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Getting past mental roadblocks

Discussion in 'General Entrepreneur Discussion' started by yveskleinsky, Oct 12, 2007.

  1. yveskleinsky
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    yveskleinsky Bronze Contributor Speedway Pass

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    Man, I have really been hung up on trying to expand my horizons lately. My biggest hangup has been trying to envision starting a business that doesn't require me (or my input) to be there everyday- or even twice a month. ...This is a problem I have with control (totally "S" mentality that I am trying to overcome). I am wanting to move forward with my budding mgmt business, but I get nauseated when I think about relocating out of state (husband is Military) and all the what-ifs regarding my absenteeism. :smxE: WildAmbitions keeps injecting me with doses of reality and alternate plans for handling all the what-ifs, but growing still scares me.

    ...MJ had posted a link to a guy that was giving away a tanning salon. I saw that and immediately thought, "This would be a great deal (depending on DD) if I lived in Georgia." Then I thought, "Do I need to live in Georgia?" Then: "Of course I would need to live in Georgia- how else would I oversee things?!) Next thought was, "I wonder how many people here would consider buying a business out of state- and how did they get to the point where they are comfortable taking on absentee ownership?"

    Sorry for all the ramblings, but the main question is: to those who are owning and operating out-of-state businesses, how are you doing it and how did you develop the gastro-intestinal fortitude to move forward?
     
    Last edited: Oct 12, 2007
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  2. Allthingznew
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    Allthingznew Contributor

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    I thought I had mentioned this book once here already but I can’t find the post so I don’t know if I did or not.

    I cannot speak to owning a business out of state, but I can speak to letting people manage for you.

    Are you familiar with Ken Blanchard and the One Minute Manager? He went on to write/co-write, I don’t recall which, a book called Situational Leadership which talks about people’s development levels and what leadership style should be used for them. It’s an easy read.

    In a nutshell, a development level 1 is a new person who is enthusiastic and willing to do anything but doesn’t know how. They require a leadership style 1 which is heavy on direction and takes a lot of your time. There are also development levels 2 and 3, but ultimately, you want a person at development level 4, one who is quite capable and if you give them the room, will operate without you. Leadership style 4 fits this person well. Basically, all you need to do is call once in a while and say hi, find out if everything is on track and tell them great job.

    When they are having trouble your input is more in the form of brainstorming with them and letting them solve the problem. This would work for an out of state operation like the tanning salon I would think. The key would be in hiring the right person and spending the time it takes to develop enough of a relationship and to be able to know they truly have the skills and are at a D4 level.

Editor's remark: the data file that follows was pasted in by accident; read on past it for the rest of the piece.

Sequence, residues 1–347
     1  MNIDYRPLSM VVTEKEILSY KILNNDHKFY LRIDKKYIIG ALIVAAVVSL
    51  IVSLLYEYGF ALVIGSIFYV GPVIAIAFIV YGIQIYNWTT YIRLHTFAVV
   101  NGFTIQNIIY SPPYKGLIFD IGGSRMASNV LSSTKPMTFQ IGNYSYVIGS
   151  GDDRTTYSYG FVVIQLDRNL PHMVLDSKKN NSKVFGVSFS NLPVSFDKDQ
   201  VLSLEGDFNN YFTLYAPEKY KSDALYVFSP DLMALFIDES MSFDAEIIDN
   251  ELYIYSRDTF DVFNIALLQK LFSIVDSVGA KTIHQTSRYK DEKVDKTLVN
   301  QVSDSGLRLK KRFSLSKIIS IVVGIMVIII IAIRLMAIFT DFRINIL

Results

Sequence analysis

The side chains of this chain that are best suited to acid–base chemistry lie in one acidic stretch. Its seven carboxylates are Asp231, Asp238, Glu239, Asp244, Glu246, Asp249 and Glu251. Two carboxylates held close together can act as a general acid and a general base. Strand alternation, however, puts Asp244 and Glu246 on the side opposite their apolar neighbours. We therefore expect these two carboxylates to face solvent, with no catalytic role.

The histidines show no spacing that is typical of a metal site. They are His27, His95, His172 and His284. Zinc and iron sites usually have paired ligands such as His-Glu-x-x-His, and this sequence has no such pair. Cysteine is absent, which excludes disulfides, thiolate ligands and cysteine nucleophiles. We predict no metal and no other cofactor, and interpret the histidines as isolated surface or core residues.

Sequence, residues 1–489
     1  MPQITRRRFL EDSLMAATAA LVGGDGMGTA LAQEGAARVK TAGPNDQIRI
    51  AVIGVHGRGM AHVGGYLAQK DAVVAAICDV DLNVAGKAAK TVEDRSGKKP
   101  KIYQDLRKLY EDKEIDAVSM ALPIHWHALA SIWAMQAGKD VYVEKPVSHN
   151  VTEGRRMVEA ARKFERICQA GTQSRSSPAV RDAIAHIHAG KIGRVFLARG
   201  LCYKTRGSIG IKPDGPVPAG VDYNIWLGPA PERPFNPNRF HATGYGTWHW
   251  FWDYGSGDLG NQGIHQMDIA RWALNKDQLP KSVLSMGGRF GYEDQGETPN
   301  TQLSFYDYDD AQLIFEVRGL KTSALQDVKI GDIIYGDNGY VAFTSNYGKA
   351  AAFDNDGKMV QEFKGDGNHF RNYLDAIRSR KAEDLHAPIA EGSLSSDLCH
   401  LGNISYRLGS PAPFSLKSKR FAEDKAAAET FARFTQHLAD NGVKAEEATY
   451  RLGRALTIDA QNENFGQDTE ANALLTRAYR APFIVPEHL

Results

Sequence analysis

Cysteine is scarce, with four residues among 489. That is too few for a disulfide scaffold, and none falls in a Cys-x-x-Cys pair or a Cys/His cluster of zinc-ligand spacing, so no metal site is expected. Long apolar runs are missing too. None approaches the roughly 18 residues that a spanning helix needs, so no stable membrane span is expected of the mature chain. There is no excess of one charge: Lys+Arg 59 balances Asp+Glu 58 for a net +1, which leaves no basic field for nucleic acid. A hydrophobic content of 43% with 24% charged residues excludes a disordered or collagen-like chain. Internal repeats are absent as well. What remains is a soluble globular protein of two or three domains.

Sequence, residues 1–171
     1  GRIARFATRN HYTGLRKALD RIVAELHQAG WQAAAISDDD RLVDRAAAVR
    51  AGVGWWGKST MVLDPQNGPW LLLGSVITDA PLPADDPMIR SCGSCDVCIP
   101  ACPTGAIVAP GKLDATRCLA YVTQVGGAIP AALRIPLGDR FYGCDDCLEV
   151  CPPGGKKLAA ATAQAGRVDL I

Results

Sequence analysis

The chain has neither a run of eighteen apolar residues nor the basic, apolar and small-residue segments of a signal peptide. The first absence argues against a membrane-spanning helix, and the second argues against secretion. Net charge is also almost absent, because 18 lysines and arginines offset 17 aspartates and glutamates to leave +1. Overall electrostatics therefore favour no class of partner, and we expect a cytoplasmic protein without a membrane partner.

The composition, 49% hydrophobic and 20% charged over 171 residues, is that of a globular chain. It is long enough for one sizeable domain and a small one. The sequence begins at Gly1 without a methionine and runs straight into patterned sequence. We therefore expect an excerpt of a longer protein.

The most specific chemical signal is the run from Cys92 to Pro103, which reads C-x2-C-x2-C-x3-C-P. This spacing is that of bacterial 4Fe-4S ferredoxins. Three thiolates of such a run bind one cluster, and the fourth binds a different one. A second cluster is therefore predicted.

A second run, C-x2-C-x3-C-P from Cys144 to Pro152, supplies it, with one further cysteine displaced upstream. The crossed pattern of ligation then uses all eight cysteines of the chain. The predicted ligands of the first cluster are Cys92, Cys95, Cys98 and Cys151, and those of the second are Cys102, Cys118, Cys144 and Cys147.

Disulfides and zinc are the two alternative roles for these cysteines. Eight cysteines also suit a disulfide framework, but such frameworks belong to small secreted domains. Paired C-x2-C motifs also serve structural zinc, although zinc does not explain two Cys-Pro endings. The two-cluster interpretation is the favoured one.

Undoubtedly when you are used to being hands on you have to make adjustments and realize that not everyone will take the same route as you to end up at the same destination, and that’s ok. Remind yourself that you can do way more through people than you ever could alone. People will perform better when they know what they’re doing and you allow them to do it. It shows you trust them and it can increase their dedication. I would highly recommend the book if you’re serious about wanting to get more done by doing it though others.
     
  3. RAiMA
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    RAiMA New Contributor

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    I'm in a simular situation to you yveskleinsky. Tho I don't tend to pursue the businesses you're thinking about much as they don't really suite my profile. I mean I can see myself owning one, but I'd have to know how the business runs exactly, so if something goes wrong I can guide the employees what to do. I'll also look at ways the business can be streamlined. At the end of the day, it's all very time consuming. You're probably coming across some of these situations too.

    What would better suite us is if the business was turnkey, that any monkey could operate it. We could work on the business or have someone else working on it by giving them goals and directions on what we'd like to see.

    The other business I'm interested in (and you maybe too) is a high yeilding business that doesn't take too much time. I've chosen a stock market system for now that doesn't require me to be there on a daily basis, but yet can return consistent monthly returns. Hence being able to buy back my time and get out of the rat race.
     
  4. yveskleinsky
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    yveskleinsky Bronze Contributor Speedway Pass

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    I will google the one minute manager and it will be my next read!

    ...The more I talk to other people, the more I realize that I have small limits on what I think is possible. (I suppose everything is relative, as I know many people who comment at how I think big!) I spoke to a woman yesterday who owns and operates 7 cabins from another state and she was totally relaxed about the whole thing. I want to cultivate her attitude. I am fascinated by others who have this attitude and in turn, how they view what they are capable of- and what is possible. Really, distance- or I should say proximity, is all an illusion of comfort/control. If I am 26 miles away from my cabins I have just as much control as if I am 426 miles away. I would go through the same steps to contact the same people to handle problems. I suppose I really need to embrace that idea and realize that a phone call is a phone call regardless of where it is placed from!
     
  5. Bilgefisher
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    Bilgefisher Bronze Contributor Read Millionaire Fastlane

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    Yves,